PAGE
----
Anthophylax hoffmanii
checklist_number: 121004005003.00
...Lingafelter (2007) describes this as a highly localized species, known from high elevation habitats in the Southern Appalachians. Our one record comes from Mt. Mitchell....Larvae probably feed on Fraser Fir and possibly Red Spruce (Lingafelter, 2007)......[SR]SHGNRThis species is known in North Carolina only from a single record dating to 1924. It appears to be a narrowly distributed species occurring in high elevation conifer forests of the Southern Appalachia...
Anthophylax cyaneus
checklist_number: 121004005002.00
...Our one record comes from along the Blue Ridge Parkway, with cove forests the likely habitat....Larvae feed on various hardwood (Yanega, 1996). Lingafelter (2007) specifically lists Maple, Birch, Serviceberry, Chestnut, and Beech; some conifers may also be used and Acer spicatum may be a preferr......S1S2G5...
Anthophylax attenuatus
checklist_number: 121004005001.00
...Our one records from a known site comes from a stand of high-elevation hardwood forest....Larvae feed on moist decaying hardwoods, including Maple, Beech, Hop-hornbeam, and Poplar (Yanega, 1996; Lingafelter, 2007).......S1S2G5This is a primarily northern species whose populations in the North Carolina mountains may represent Pleistocene relicts....
sciNametaxonomic_commentsid_commentshabitatdietobservation_methodsstate_protectionS_rankG_rankstate_statusfed_statusstatus_comments
Analeptura lineola
checklist_number: 121004003001.00
...This species may be primarily associated with wet-mesic stands of hardwoods but not enough information exists on the habitats where this species has been collected in the state....Larvae feed on various hardwoods, including Birch, Ironwood, Hop-hornbeam, and Pines (Yanega, 1996; Lingafelter, 2007). Adults visit many species of flowers.......S4S5G5...
Ecyrus dasycerus
checklist_number: 121003014001.00
...Our records appear to come mainly from upland habitats, including Dry-xeric Maritime Forests, Monadnock Forests, and other stands of upland oak-hickory forests. ...Larvae feed on a wide range of tree species, especially Oaks and Hackberries (Yanega, 1996; Lingafelter, 2007)......S3S4GNR...
Saperda tridentata
checklist_number: 121003040012.00
...Habitat information is largely missing from the available records from North Carolina. One semi-naturally wooded residential area in the Piedmont has two records, with Ulmus alata probably the closest...Larvae feed on dead and dying Elms (Yanega, 1996; Lingafelter, 2007)......S3S4G5...
Aegomorphus modestus
checklist_number: 121003003001.00
...Our records come from a wide range of habitats, from low mountains and monadnocks (e.g., Pilot Mountain) to Coastal Plain lowland forests and woodlands (e.g., Lake Waccamaw State Park). Semi-natural, ...Larvae feed on a broad range of soft decaying hardwoods and pines (Yanega, 1996). The following trees are specifically mentioned by Lingafelter (2007): Birch, Hickory, Chestnut, Beech, Ash, and Pinus.......S4S5G5...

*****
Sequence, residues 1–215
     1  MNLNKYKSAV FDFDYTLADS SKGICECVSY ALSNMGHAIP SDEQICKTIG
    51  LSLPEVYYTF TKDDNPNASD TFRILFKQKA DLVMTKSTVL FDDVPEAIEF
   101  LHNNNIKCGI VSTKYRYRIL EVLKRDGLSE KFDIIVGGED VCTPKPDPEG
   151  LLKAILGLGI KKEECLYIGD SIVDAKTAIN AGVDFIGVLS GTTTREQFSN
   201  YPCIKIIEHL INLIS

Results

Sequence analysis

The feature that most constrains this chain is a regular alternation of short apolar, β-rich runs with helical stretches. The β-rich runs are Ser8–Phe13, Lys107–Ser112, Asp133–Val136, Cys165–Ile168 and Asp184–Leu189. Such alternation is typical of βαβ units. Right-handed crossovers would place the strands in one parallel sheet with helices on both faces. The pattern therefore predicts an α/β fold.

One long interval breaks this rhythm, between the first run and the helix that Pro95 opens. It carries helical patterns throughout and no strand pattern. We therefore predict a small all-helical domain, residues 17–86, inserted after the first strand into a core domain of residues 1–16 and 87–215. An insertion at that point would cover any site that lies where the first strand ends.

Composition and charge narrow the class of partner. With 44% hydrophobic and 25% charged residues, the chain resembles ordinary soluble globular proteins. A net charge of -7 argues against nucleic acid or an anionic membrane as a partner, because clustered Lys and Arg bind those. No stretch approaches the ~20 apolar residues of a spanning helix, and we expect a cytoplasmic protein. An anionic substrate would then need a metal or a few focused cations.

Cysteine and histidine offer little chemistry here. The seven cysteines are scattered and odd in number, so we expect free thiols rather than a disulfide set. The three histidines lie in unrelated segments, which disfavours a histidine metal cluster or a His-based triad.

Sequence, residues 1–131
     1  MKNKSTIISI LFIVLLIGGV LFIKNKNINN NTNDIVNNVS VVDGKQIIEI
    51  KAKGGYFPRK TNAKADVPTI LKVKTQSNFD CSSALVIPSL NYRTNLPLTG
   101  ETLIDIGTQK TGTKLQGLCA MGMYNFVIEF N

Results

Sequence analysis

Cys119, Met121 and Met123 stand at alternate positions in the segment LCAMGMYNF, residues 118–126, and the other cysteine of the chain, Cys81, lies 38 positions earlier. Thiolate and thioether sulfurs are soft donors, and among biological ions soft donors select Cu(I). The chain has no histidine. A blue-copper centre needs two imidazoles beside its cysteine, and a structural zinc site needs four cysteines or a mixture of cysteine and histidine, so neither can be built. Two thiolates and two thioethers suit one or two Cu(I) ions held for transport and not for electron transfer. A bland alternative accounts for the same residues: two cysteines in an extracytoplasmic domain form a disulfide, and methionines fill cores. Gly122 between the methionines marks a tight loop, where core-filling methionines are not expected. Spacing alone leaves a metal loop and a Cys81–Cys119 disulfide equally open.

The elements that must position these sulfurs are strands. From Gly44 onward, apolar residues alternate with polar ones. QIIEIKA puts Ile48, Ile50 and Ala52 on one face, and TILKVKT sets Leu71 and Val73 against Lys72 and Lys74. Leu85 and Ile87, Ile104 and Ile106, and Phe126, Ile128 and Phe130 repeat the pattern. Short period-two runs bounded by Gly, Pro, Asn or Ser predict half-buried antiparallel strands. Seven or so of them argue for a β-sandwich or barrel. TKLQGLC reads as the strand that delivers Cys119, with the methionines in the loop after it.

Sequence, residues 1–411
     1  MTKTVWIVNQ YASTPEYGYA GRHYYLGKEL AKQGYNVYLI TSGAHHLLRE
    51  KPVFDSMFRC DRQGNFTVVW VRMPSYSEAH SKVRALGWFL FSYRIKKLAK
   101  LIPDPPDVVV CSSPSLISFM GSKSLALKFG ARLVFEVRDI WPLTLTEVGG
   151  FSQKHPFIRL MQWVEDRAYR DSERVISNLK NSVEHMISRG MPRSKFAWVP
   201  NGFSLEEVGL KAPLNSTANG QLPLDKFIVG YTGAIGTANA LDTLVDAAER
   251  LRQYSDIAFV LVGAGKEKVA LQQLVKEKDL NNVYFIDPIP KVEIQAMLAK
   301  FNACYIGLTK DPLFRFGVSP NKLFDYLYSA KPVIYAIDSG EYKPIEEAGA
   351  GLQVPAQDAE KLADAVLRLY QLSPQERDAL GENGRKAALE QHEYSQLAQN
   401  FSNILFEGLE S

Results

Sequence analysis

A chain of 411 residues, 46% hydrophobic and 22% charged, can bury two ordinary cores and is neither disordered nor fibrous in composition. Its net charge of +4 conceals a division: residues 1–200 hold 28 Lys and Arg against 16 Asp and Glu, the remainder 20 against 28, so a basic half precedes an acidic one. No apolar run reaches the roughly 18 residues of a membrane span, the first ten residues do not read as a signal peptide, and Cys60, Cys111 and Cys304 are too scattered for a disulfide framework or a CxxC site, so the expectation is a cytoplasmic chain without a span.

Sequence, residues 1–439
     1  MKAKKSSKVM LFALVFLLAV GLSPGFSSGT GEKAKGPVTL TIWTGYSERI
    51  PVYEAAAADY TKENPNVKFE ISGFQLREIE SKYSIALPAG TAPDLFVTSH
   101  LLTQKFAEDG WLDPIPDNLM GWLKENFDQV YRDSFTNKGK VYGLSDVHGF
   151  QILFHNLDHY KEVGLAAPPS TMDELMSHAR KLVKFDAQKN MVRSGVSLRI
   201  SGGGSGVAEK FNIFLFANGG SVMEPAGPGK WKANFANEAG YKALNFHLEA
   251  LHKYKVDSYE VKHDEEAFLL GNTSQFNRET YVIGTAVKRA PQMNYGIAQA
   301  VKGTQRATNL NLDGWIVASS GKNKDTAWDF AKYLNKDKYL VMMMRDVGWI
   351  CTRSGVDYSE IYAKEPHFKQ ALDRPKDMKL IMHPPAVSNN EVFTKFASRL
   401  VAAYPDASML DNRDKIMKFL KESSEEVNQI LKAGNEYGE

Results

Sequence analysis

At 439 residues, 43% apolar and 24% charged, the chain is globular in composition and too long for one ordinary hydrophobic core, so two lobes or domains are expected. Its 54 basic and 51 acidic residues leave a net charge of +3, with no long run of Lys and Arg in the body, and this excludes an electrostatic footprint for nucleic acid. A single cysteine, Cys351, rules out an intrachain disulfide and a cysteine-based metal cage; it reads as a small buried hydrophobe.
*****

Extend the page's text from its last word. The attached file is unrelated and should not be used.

Phausis reticulata
Blue Ghost
checklist_number: 62001008007.00
...............
sciNametaxonomic_commentsid_commentshabitatdietobservation_methodsstate_protectionS_rankG_rankstate_statusfed_statusstatus_comments
Graphisurus despectus
checklist_number: 121003018001.00
Head and body gray or light reddish brown with a coating of suberect hairs on the elytra (Lingafelter, 2007). Less mottled than Graphisurus fasciatus and lacks the large patches of black found ......Polyphagous on hardwood trees, with a preference for Hickories (Yanega, 1996; Lingafelter, 2007).........
Graphisurus fasciatus
checklist_number: 121003018002.00
......Larvae are polyphagous on hardwood trees, including oaks; also on Pines (Yanega, 1996; Lingafelter, 2007).........
Tetraopes melanurus
checklist_number: 121003046001.00
............S2S4GNR...
Tetraopes tetrophthalmus
checklist_number: 121003046004.00
............S4S5G5...
Monochamus notatus
Northeastern Sawyer
checklist_number: 121003029003.00
Sawyers are large beetles with very long antennae. Monochamus notatus is grayish brown with relatively obscure mottling; patches of white on the elytra are restricted to the anterior and posterior thi......Larvae feed on dead and dying conifers, especially Pines (Yanega, 1996)......S4S5G5...
sciNametaxonomic_commentsid_commentshabitatdietobservation_methodsstate_protectionS_rankG_rankstate_statusfed_statusstatus_comments
Cicindela hirticollis
Hairy-necked Tiger Beetle
checklist_number: 6006004020.00
One of 38 species in this genus that occur in North America north of Mexico (Pearson et al., 2015), 12 of which have been recorded in North CarolinaMost individuals possess three complete maculations. However, variation in the thickness and/or completeness of these markings often occurs among individuals within a population, as illustrated by som...Most of our records come from beaches on barrier islands or other tidewater shorelines. Knisley and Schultz (1997) also list the shorelines of large rivers and lakes. In all these cases, wet sands app...Predacious, presumably feeding on a wide variety of small insects and other beach invertebrates...This species is well-camouflaged against wet-sand substrates, but is often found in large numbers where movements of masses of individuals make them conspicuous (Knisley and Schultz, 1997)....As with other North Carolina insects, no state laws provide them any protection. Permits must be obtained, however, to collect them in State Parks and other nature preserves[S2S3]G5T4[W3]This species often co-occurs with Habroscelimorpha dorsalis and like that species appears to be declining due to barrier shoreline development and to trampling of larval habitat due to intensive recre...